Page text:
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Decolonisation, development and faith I 
Emma Tomalin (University Of Leeds)
Jennifer Eggert (Joint Learning Initiative on Faith and Local Communities (JLI) and University of Leeds)
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Decolonial and anti-racist perspectives
Monday 28 June, 14:15-16:00 (UTC+1)

Short Abstract:

This roundtable brings together researchers and practitioners to discuss the nexus of decolonisation, development and faith. It explores the contribution, limitations and complicity of faith actors and researchers in the development/aid sector from a decolonised and anti-racist perspective.

Long Abstract:

This research/practice roundtable focuses on the nexus of decolonisation, development and faith. Debates on anti-racist and decolonised approaches amongst development/humanitarian researchers and practitioners acknowledge that local communities are central agents in their own liberation, yet they continue to be marginalised in decision-making and resource allocation by large parts of the international aid/development sector. The majority of people worldwide identify with a faith. The role of faith is often particularly strong in the 'Global South'. Local capacities, social capital, leadership, expertise, networks and service provision are often faith-based. Ignoring the contribution of faith in development/aid devalues pivotal dimensions of people's lived experiences and diminishes their sources of power, legitimacy, accountability and resilience. An inability to speak authentically as faith actors contributes to the erasure of non-white cultures and non-Western faiths. Yet faith actors are not immune from anti-racist and decolonial critique, and often have complex and contested histories that involve colonialism, missionaries, and conversions. Faith communities have a mixed record when it comes to challenging racism and other forms of systemic discrimination. Faith-based organisations perpetuate the same white supremacist culture and racist and (neo)colonial development and faith legacies as the broader aid/development sector, by failing to acknowledge colonial legacies, neo-colonial practices, the dominance of Western theological constructs, complicity in broader racist structures, and hierarchical power dynamics. Research on religion and development has not sufficiently contended with these concepts, if at all. This panel aims to give a higher profile to this much needed debate.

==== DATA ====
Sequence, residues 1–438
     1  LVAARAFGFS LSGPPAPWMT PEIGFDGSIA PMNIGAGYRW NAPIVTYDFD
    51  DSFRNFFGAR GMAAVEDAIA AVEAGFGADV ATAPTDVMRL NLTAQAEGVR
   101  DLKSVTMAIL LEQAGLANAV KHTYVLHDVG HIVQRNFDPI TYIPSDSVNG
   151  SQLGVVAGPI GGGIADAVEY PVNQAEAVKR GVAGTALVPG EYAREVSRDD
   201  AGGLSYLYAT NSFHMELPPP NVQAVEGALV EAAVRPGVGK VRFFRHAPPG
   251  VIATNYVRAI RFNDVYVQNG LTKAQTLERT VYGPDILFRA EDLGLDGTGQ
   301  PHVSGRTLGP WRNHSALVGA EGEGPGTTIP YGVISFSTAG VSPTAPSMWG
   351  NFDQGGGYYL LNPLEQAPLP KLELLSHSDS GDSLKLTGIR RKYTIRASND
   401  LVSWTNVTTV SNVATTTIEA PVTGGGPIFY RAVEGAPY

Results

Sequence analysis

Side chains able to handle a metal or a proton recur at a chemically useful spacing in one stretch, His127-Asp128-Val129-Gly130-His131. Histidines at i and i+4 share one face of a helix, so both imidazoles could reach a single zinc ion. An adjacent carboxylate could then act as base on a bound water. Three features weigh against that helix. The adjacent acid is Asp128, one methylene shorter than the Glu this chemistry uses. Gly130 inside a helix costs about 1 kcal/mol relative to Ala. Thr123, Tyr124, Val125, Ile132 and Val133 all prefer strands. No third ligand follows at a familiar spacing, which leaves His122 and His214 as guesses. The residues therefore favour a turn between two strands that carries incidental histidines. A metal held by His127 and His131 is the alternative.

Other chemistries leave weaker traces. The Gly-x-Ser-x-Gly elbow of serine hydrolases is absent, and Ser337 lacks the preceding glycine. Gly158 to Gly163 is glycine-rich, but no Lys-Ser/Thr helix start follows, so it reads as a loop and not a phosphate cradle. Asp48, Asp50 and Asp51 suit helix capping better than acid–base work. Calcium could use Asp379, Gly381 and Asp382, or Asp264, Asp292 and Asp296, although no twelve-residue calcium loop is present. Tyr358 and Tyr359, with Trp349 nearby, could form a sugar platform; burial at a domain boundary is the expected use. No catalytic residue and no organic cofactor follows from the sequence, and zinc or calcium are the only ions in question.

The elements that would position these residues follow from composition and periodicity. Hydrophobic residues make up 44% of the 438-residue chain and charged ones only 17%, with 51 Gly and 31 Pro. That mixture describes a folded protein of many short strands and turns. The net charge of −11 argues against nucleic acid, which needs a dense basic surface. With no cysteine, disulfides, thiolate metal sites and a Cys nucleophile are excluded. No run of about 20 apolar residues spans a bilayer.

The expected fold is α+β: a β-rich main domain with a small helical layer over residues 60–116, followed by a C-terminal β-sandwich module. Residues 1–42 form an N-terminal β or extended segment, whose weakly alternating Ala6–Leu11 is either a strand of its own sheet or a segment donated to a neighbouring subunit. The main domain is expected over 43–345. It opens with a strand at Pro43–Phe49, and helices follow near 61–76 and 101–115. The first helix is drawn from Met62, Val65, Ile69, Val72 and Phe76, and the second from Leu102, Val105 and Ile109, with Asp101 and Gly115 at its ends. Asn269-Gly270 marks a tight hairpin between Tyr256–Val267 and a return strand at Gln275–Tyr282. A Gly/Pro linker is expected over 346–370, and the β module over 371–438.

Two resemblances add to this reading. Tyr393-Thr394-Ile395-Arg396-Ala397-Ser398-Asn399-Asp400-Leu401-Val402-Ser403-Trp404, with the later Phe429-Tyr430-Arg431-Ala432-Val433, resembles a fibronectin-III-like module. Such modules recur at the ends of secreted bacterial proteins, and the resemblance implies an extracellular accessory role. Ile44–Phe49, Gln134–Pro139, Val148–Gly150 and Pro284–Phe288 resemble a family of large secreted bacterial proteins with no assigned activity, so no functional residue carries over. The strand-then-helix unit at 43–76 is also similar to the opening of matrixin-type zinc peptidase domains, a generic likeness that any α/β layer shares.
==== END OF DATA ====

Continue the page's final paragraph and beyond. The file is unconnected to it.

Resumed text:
Accepted papers: